We claim:

An electric circuit comprising an amplifier having at least a grid and a cathode, said cathode being connected to a fixed potential, a source of negative feedback potential, a first impedance and a second impedance connected in series between said source and said cathode, a third impedance and a fourth impedance conimpedances and the junction of said third and.

fourth impedances.

LEONARD REGINALD J OFFRE JOHNSON. DENNIS GODSON HOLLOWAY. ERIC LAWRENCE CASLING WHITE.

REFERENCES CITED The following references are of record in the file of this patent:

UNITED STATES PATENTS Number Name Date 2,282,319 Brown May 12, 1942 2,302,798 Percival Nov. 24, 1942 2,317,025 Bond Apr. 20, 1943

Patent Citations
Cited PatentFiling datePublication dateApplicantTitle
US2282319 *28 Feb 194112 May 1942Brush Dev CoLeakage reducing means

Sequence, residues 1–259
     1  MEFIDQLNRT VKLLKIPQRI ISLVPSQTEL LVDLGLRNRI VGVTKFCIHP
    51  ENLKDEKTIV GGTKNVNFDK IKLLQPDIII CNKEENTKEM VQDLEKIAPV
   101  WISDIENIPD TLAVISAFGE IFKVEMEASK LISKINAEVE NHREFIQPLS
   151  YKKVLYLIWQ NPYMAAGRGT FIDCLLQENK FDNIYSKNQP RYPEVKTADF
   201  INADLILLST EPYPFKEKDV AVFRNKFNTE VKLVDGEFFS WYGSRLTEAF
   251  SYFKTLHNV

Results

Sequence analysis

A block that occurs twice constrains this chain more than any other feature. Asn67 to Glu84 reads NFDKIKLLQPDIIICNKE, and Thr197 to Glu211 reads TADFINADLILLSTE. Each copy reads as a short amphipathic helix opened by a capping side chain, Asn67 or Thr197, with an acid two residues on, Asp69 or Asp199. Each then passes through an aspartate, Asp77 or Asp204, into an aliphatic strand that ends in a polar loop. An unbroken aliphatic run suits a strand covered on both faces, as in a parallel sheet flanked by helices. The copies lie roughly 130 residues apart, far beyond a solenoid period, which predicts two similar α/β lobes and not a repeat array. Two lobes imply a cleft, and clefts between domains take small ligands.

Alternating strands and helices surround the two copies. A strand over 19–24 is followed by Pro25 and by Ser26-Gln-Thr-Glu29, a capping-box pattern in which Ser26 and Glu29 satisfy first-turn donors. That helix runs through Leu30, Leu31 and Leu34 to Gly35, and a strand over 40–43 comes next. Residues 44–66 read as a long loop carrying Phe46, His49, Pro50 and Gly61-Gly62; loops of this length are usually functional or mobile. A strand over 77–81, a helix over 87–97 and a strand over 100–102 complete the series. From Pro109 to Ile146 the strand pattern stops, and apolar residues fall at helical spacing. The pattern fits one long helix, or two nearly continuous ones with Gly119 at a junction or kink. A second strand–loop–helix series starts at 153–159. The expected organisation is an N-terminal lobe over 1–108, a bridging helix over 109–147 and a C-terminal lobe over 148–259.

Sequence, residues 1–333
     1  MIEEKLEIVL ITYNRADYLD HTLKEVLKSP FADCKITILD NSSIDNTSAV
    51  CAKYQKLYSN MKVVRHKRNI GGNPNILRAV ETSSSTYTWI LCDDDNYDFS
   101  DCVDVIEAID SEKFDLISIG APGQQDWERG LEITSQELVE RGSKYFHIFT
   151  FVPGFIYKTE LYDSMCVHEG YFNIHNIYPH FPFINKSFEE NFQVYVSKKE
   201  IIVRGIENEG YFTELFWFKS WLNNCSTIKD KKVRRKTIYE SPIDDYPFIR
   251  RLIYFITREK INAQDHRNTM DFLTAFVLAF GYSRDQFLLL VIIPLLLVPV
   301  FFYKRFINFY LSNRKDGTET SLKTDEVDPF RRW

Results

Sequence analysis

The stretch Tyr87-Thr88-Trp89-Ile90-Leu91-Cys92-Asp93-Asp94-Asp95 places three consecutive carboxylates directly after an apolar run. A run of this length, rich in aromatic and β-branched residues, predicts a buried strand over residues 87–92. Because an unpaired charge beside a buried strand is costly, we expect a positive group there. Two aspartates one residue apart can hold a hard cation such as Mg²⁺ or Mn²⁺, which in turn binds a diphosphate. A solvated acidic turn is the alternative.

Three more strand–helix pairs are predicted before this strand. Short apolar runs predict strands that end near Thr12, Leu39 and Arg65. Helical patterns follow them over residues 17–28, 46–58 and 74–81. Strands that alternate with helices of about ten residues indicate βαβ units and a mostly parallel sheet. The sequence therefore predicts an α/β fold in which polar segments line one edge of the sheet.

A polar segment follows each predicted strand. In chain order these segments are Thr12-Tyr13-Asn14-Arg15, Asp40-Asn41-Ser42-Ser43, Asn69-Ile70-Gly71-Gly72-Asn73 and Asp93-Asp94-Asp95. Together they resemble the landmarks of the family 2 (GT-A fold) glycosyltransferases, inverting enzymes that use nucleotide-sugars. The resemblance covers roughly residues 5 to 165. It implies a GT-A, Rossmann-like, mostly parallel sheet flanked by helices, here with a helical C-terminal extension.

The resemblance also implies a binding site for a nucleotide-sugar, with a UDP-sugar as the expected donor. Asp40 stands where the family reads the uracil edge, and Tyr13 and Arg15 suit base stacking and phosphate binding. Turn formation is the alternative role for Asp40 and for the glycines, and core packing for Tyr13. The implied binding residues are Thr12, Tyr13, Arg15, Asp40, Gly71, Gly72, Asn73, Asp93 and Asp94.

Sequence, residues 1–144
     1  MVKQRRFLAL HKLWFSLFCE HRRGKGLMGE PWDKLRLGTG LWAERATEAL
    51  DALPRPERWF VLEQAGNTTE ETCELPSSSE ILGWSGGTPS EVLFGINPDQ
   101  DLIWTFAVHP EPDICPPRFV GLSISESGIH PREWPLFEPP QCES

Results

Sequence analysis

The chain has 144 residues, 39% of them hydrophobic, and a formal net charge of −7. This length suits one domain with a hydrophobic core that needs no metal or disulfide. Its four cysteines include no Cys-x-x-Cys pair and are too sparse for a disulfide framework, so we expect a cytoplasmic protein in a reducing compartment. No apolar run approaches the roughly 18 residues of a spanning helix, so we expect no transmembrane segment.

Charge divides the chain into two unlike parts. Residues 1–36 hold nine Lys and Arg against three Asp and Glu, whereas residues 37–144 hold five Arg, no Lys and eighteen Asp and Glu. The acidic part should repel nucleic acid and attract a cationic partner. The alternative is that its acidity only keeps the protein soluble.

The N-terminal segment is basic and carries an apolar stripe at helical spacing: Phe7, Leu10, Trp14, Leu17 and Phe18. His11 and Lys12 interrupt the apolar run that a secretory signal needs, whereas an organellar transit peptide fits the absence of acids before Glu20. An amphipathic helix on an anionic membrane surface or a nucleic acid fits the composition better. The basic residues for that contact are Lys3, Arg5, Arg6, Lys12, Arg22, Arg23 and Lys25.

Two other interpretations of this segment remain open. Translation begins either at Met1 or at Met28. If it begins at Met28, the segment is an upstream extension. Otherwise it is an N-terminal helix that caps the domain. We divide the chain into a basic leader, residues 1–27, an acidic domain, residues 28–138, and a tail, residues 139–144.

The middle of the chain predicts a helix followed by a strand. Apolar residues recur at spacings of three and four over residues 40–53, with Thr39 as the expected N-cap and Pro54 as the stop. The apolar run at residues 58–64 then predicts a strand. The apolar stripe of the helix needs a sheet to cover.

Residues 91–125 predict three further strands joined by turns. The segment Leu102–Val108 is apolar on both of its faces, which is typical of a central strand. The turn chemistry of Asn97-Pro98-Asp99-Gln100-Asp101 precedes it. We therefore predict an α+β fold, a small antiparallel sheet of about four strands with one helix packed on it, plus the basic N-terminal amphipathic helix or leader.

US2302798 *20 Apr 194024 Nov 1942Emi LtdThermionic valve amplifier
US2317025 *29 Jul 193920 Apr 1943Rca CorpVolume control circuit
Referenced by
Citing PatentFiling datePublication dateApplicantTitle
US2728874 *9 Dec 195227 Dec 1955Rca CorpCathode ray beam deflection circuits
US2756283 *13 Nov 195124 Jul 1956Rca CorpCathode input amplifiers
US2862046 *28 Jan 195525 Nov 1958Burroughs CorpStabilized direct-coupled amplifier
US2902601 *18 Oct 19561 Sep 1959IbmLatch circuit
US2949605 *12 Sep 195516 Aug 1960Motorola IncPortable color television system
Classifications
U.S. Classification330/92, 330/182, 333/24.00R, 330/184, 330/107, 330/97, 333/99.00R, 348/E05.31, 330/108, 330/194, 330/191
International ClassificationH04N5/228, H03F1/36, H03F1/34
Cooperative ClassificationH03F1/36, H04N5/228
European ClassificationH03F1/36, H04N5/228